Welcome to part 3 of our 4-part look at the most common myths about counselling.
At The Spark have been looking at the misconceptions that can end up discouraging people from considering counselling. We are busting the myths and highlighting the truth about how counselling can help navigate the challenges of life.
Myth 7: Counselling is only for really serious problems
Many individuals with really challenging mental health issues can benefit from counselling. This does not mean however that there is some sort of minimum criteria for counselling.
The vast majority of The Spark’s clients are dealing with issues and challenges that we all face from time-to-time. Relationship difficulties, stress, depression, parenthood and bereavement are just a few examples.
Increasingly individuals and couples are viewing counselling – as we at The Spark do – as a normal part of managing the ups and downs of life. Often they will undertake a block of counselling sessions to deal with a new issue or life challenge as therapy is about developing strategies to deal with everyday issues.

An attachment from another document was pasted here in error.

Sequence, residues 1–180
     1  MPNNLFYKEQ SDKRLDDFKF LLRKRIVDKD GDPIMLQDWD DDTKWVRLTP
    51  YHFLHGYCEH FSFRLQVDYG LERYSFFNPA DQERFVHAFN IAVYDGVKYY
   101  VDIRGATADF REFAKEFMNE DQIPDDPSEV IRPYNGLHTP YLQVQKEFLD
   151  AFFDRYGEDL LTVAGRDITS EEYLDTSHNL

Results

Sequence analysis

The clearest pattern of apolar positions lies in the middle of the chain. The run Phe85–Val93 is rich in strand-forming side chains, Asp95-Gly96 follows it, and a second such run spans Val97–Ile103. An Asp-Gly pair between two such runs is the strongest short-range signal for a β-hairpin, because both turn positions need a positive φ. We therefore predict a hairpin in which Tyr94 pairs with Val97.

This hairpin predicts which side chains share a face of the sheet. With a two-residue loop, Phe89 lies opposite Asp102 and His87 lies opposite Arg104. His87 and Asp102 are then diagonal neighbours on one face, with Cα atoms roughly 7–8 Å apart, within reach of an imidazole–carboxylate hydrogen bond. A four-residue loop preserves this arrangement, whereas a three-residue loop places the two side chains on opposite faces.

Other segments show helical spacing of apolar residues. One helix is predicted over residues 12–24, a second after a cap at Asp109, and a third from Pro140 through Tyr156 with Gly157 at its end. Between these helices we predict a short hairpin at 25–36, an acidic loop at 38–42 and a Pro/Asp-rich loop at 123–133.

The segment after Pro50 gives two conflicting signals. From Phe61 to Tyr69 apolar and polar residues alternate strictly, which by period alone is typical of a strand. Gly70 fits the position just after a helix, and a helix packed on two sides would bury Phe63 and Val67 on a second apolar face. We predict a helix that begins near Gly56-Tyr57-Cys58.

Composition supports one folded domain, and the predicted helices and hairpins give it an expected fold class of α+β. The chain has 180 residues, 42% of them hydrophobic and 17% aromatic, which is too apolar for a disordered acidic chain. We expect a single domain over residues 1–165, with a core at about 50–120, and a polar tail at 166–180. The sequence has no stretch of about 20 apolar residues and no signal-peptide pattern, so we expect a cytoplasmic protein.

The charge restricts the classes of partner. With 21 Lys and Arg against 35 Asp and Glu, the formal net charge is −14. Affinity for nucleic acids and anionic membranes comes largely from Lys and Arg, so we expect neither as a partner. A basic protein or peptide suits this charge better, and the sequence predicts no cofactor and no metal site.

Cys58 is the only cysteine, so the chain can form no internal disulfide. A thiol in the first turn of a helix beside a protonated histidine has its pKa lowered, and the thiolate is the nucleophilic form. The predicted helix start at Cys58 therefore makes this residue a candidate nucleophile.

Counselling is non-discriminatory in every sense of the phrase. There is no issue too small to be of concern and if it is of concern to you, a counsellor will be happy to help you with it.
Myth 8: Counsellors have it ‘all sorted’
Though it may come as a surprise, counsellors are human beings like you and me. They face the same challenges in life that we do and will go through the same emotions when it comes to loss, bereavement or relationship breakdown.
Through their extensive training counsellors develop a skill called self-awareness, which allows them to leave any of their own ‘baggage’ at the door of the counselling room. Once a therapy session starts, the time is devoted to you and the challenges you are facing.
Counsellors also undertake something called supervision. This is where they use the services of a clinical supervisor to review their own work, how they are progressing professionally and also to deal with any issues in their own personal life.
This combined with self-awareness allows professional counsellors to be completely focused on each client during a therapy session.